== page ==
SLUMS: The barrios of Bogota
By HARRY MURZYN and DAVID VARON
Located on a high plateau surrounded by the Andes Mountains, Bogota is a sprawling urban center, made up of numerous barrios (neighborhoods). It grows and changes like any other major Latin American city. Due to population growth from rural migration, the periphery of the city is composed of a continuously changing informal spatial fabric. Whereas the center of the city is located on the flatter portion of the plateau and its construction mandated by formally ordained city codes, the makeshift periphery is pushed to the mountainous regions surrounding the center. Its construction is based solely on need. The locals build what they want, when they want. The result is an extremely organic, interconnected conglomeration of houses, passages, and necessary utilities.
This type of spontaneous architectural organization requires an equally spontaneous and winding system of movement and access. Due to the fact that these are located on mountainous landscapes, roads can only go so far in providing this access. Major portions of the barrios are accessible only by means of a network of interconnected staircases. These stairs act like arteries or a web, which spread though the entire barrio. While these stairs may appear to be knot-like in their winding, interconnecting nature, the stair system functions as a whole spatial order.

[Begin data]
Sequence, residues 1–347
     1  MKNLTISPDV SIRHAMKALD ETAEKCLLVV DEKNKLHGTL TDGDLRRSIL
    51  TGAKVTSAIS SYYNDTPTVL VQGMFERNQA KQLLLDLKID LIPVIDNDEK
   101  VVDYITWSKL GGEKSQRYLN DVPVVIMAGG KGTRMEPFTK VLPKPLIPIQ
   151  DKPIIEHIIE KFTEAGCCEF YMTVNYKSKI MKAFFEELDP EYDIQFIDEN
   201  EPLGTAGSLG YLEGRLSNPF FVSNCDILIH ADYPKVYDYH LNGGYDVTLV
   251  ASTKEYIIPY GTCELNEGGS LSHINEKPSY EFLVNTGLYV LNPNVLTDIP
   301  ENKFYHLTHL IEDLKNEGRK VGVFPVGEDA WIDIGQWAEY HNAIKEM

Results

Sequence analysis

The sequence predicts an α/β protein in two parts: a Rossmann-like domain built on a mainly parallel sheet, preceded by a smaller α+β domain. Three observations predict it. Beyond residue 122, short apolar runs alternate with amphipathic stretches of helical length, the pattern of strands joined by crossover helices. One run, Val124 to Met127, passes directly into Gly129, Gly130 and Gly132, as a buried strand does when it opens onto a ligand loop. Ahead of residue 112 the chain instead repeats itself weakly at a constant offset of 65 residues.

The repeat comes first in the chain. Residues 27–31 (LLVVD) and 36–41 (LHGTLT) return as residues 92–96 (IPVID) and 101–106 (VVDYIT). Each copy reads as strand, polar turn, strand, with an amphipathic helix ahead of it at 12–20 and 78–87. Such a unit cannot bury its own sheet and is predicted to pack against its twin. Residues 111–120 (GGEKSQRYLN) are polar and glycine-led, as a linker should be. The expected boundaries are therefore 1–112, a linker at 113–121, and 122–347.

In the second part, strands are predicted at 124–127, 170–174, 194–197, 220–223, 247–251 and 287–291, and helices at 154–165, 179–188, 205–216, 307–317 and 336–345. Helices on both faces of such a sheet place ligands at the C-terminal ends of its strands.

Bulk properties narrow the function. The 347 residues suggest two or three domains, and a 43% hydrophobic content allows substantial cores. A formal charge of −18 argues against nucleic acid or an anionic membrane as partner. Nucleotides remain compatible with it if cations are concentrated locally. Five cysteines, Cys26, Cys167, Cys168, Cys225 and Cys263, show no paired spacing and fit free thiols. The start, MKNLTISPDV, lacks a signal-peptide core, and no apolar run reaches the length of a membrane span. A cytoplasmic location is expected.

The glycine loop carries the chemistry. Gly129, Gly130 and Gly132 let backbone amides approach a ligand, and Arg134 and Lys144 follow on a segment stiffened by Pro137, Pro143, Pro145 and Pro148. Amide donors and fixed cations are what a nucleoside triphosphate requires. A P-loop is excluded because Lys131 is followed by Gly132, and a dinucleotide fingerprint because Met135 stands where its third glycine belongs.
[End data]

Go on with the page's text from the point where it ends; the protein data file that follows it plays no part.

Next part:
IMAGE1: A section of the barrios in Bogota:
IMAGE2: The rural/poorer population (in red) inhabits the mountainous periphery of the city:
IMAGE3: Plan of Barrio Juan XXIII:
IMAGE4: Roads provide limited access to the denser areas of the neighborhoods:
IMAGE5: Staircases provide means of circulation into and through these areas. Once the stair is built, then there is an incentive for buildings to cluster around them:
IMAGE6: An older, solidly constructed stairway:
IMAGES7,8: The stairs and the buildings are in a reciprocal relationship. One aspect of their ‘spatial knot’ formation is how these continue to relate to each other in an ever-increasing density:
IMAGE9: Potential earlier scheme (of the previous photograph). The staircase is built to provide access to several buildings on a sloped landscape.
IMAGE10: Expansion and addition of buildings must respect the stair as a path of circulation. This leads to odd, disjointed and potentially precarious and unstable building types:
IMAGE11: As the area becomes more densely populated, the stair expands to become a network. The relationship between stair and building is ever changing. As new buildings are built and others disappear, portions of the stair become obsolete. The stair then becomes a spatial labyrinth of sorts. Particular lines along its path are only understood by those who inhabit its spaces on a day to day basis. Those unfamiliar with its paths would have no means of navigation through it.
October 2010, The Cooper Union